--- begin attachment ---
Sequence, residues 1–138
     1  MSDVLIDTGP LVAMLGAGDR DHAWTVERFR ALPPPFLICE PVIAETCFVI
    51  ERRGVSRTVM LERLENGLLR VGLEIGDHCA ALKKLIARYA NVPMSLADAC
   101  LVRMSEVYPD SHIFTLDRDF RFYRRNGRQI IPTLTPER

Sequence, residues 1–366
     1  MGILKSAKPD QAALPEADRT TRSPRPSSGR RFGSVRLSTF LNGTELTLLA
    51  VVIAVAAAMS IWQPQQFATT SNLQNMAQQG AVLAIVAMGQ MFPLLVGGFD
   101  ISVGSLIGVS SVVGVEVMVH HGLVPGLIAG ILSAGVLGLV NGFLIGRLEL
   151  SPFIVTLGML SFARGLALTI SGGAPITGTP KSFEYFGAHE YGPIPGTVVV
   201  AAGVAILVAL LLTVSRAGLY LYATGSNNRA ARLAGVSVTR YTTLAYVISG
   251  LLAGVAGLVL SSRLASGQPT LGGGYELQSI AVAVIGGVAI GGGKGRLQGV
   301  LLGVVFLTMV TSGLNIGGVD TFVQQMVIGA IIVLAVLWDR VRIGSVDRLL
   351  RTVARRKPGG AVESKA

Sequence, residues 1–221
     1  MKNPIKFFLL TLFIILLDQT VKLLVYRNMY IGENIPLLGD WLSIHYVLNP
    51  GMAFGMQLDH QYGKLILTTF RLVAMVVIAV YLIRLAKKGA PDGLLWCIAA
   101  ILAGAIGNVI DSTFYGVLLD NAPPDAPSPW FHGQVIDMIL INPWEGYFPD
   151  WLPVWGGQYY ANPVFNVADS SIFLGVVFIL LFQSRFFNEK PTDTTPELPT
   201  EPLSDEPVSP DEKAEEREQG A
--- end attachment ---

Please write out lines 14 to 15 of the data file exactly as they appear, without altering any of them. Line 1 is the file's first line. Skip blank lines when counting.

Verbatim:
Sequence, residues 1–221
     1  MKNPIKFFLL TLFIILLDQT VKLLVYRNMY IGENIPLLGD WLSIHYVLNP